The rifle

As mentioned before, the action has the DNA of a Remington 700, the bolt shows a twin-lug, coned design with a spring/plunger ejector for ultimate reliability. At the rear is a cocked action indicator, operation shows a well-proportioned tactical bolt handle. The trigger is of Bergara’s own design and is a pleasure to use; the blade is curved and comfortable. Pull is adjustable and set at 3.7lbs from the factory, with an adjustment range of between 2.8 – 4.4lbs. The safety is a 2-position rolling lever positioned rear-right of the receiver, forward to FIRE and rearward for SAFE (with bolt operation). All of this, combined with the single stack polymer magazine, means that the BMP offers smooth and reliable operation!

Not included is a scope rail and unsurprisingly the BMP accepts all that fit a Remington 700 action, so plenty to choose from! I opted for a Barton Works 20 MOA one-piece model, married to a pair of Tier One, medium height rings, with one of their anti-cant bubbles; every little helps for the long-range stuff!

Next up, calibre and barrel; choices for the BMP include .308 and 6.5 Creedmoor, the latter being what I chose. There is a choice of barrel length for the .308, 20” (21.8mm diameter) and 24” (21.2mm diameter) both have a 1:10 twist and are screw cut with an M18x1 thread. The Creedmoor is offered with 24” tube (21.2mm diameter), 1:8 twist and the same threading.

Range time!

By choosing 6.5 Creedmoor, I was joining one of the fastest growing trends in our sport, especially in the USA. So, for me this was a test of both calibre and rifle and neither disappointed! Due to the lack of available factory ammunition, I loaded up with some new Lapua brass with Hodgdon H4350 a 123-grain Lapua Scenar match bullets. After running the barrel in, and working my way through my new loads, it was not long before a wide grin appeared on my face, as I stared at three consecutive 5-shot groups measuring under 0.250”, the smallest just 0.238”! Not only did I discover the accuracy potential of the BMP but also this fantastic cartridge too. Not too loud, and with low recoil; but the question remained, how would it do at long range?

Bisley would be the testing ground, with the intention of pushing the Bergara out to 600 yards on Century range, whilst pitting it against a Tikka T3 TAC in .308. Myself and a friend would start at 200 then move to 300 and then 600. It quickly became apparent however that these distances were no challenge, with the first 3-shots at each distance landing in the V-bull! So, after some quick thinking, we booked the new electronic target facility on Stickledown range at the somewhat more challenging distance of 1000 yards. With just 20 rounds left, and after getting dialled in, it was not long before I was achieving regular V-bulls at this extreme distance; the grin returned!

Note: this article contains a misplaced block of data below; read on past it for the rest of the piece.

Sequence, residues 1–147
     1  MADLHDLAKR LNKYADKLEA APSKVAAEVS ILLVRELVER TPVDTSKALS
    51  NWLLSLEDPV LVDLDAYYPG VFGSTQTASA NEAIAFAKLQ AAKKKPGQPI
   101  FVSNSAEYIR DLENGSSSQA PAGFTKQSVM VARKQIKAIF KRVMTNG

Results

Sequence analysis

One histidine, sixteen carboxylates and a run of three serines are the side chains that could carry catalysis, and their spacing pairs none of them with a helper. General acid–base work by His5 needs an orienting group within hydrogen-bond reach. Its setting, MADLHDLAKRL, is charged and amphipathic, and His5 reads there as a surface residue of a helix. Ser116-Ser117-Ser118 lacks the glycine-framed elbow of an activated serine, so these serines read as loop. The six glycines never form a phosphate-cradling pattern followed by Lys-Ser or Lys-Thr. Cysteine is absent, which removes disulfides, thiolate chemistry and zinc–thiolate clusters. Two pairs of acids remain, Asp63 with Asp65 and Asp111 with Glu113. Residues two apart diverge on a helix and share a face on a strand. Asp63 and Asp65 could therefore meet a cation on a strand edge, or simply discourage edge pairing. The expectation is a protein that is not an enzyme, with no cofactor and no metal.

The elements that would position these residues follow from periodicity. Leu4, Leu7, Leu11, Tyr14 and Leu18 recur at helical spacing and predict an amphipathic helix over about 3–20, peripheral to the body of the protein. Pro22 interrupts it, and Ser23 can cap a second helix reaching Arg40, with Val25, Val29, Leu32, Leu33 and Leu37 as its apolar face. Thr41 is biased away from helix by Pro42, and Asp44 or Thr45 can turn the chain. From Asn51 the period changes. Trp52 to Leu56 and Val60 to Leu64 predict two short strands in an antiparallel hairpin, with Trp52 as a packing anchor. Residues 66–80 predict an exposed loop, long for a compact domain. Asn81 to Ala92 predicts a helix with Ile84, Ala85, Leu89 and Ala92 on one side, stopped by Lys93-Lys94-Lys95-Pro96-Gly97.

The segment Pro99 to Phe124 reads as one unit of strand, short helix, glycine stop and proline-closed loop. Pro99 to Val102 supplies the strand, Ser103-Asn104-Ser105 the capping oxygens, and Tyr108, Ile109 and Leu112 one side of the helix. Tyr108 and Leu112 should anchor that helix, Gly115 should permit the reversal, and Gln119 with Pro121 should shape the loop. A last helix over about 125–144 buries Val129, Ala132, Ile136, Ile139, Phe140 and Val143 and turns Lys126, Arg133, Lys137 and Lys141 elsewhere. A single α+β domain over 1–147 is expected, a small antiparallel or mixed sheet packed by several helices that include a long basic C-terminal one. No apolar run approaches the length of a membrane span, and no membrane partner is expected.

With a well-made action and a barrel from a world-renowned manufacturer, chambered in a great calibre, the accuracy that I achieved during load development and at Bisley seemed pre-ordained, almost obvious! Though that didn’t stop it surprising me, reading about it and taking an educated guess to a rifle’s performance is no substitute for experiencing it yourself! It also became apparent during testing that this particular chassis system is without a doubt the most comfortable I have ever used, which goes a long way to helping the barrelled action in achieving such excellent accuracy.

To put this in perspective, I purchased a £1500 factory rifle, got it out of the box, went to the range that weekend and spent an afternoon developing a load, then the following week I was repeatedly putting rounds into a 5” circle at 1000 yards; what more can you ask for? Just wish I didn’t have to remove the cheek piece to get the bolt out!

  • Bergara B14 BMP - image {image:count}

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  • Bergara B14 BMP - image {image:count}

    click on image to enlarge

  • Bergara B14 BMP - image {image:count}

    click on image to enlarge

  • Bergara B14 BMP - image {image:count}

    click on image to enlarge


  • Name: Bergara B14 BMP
  • Calibre: 6.5 Creedmoor (on test)
  • Capacity: 5-rounds (DM)
  • Barrel: 24” on test
  • Twist rate: 1-8”
  • Weight with scope and bipod : 14lbs
  • Stock : LOP and comb height adjustable
  • Extended : bolt handle
  • Prices: (Inc VAT) £1499 Spare magazine £50
  • Contact: RUAG Ammotec UK LTD, +44 (0)1579 362319 www.bergararifles.com